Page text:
Every year, Jacques Mélac, owner of the renowned Bistrot Mélac, manages to extract between 10 and 20 bottles of red wine from the three vine stocks suspended outside his establishment. Called "Château-Charonne", it is just one of a number of microscopic vineyards scattered around the city, remnants of the Good Old Days before the arrival of the railroad, when Paris and the surrounding region were virtually self-sufficient in wine.
Now, apart from Mélac's bistro, only small parcels remain in the city itself, often in courtyards and private gardens, including a couple of stalks that flourish in a courtyard at 18, rue de Reuilly in the neighbouring 12th arrondissement. The Clos des Morillons in the Parc Georges Brassens contains 700 vine stocks, while the vineyard of the Parc de Bercy (400 vine stocks) harks back to the time when that part of the 12th arrondissement along the banks of the Seine was occupied exclusively by wine depots and cheap dance halls (that was before the area, like so many others in Paris, was taken over by the infamous bobos, the bohèmes-bourgeois). More substantial vineyards are to be found on the other side of the boulevard pheriphérique in the Paris suburbs - in Suresnes, for example, where the Clos du Pas Saint Maurice produces up to 7,000 bottles of reasonable white wine from a mixture of sauvignon, sémillon and chardonnay grapes.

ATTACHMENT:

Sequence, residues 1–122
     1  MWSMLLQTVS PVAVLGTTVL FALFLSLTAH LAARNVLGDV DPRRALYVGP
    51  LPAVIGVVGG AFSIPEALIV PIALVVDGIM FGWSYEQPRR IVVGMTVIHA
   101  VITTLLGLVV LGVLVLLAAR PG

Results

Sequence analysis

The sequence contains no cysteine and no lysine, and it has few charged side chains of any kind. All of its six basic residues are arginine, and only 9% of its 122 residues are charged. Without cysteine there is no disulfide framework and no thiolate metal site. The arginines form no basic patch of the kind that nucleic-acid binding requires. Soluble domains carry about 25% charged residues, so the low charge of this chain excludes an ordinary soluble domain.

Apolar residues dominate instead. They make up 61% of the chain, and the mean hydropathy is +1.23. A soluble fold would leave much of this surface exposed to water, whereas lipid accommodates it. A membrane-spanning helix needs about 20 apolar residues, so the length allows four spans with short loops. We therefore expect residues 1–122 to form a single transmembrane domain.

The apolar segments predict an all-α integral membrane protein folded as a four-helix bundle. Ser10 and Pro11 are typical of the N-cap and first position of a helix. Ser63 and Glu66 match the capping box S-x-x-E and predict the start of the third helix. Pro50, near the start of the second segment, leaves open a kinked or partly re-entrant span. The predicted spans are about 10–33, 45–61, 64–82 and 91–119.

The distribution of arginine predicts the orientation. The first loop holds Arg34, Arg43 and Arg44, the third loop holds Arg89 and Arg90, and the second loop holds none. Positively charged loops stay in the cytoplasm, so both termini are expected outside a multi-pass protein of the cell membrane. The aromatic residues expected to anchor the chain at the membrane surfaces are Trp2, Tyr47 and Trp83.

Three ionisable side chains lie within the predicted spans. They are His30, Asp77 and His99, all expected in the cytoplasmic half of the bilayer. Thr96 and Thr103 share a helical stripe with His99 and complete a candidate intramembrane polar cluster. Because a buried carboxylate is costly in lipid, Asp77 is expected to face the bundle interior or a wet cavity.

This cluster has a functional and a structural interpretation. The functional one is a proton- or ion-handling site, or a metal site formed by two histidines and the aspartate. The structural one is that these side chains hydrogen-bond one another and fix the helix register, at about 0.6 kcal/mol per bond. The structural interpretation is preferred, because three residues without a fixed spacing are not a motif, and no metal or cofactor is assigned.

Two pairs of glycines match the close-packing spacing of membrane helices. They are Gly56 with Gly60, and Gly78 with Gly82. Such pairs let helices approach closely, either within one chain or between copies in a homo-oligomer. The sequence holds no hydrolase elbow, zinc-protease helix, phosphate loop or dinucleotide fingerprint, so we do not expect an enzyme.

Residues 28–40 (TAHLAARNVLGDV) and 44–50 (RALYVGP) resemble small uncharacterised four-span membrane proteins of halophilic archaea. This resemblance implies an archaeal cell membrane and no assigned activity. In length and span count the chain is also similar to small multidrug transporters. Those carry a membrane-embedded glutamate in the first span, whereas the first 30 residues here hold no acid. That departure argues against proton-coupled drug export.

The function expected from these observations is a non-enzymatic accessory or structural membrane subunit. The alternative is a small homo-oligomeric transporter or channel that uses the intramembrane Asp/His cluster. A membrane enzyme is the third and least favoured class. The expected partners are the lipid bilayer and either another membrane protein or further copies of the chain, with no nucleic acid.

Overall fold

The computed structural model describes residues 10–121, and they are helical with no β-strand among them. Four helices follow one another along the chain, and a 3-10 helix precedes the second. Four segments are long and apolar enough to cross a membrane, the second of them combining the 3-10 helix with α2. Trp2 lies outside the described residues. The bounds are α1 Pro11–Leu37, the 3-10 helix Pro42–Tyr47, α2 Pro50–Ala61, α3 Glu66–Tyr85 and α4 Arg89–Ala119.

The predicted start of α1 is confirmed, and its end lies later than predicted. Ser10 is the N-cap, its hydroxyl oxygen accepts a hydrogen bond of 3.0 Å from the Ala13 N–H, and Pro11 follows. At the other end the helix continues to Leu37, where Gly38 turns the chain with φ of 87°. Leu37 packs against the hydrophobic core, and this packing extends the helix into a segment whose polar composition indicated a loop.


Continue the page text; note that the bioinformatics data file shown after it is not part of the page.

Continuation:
M. Mélac, a rather extravagant character with a bushy handlebar moustache, is also co-chairman of the Association of Paris Winegrowers, which produces a wine called Vin des Vignerons de Paris. Any old grape available, red or white, goes into the Vin des Vignerons de Paris, as long as it was harvested in Paris city proper, with between 500 and 800 bottles of this plonk produced each year. Mélac described the 1997 vintage as "cloudy, natural and unfiltered" to the eye. Having tested it, he pronounced the Paris 97 as "tasty, aggressive, grumpy and kind. A bit like the Parisians themselves."
Despite these kind words, Paris wine is of curiosity value only, closer to vinegar than most other products of the vine. But precisely this curiosity value ensures that the few hundred bottles turned out by Paris vineyards fetch a high price. The Clos Montmartre, produced on the north-facing (!) slope behind Sacré-Coeur, is either auctioned or sold at €35 for a half-litre bottle. OK, so the proceeds go to charitable causes, but quand même!
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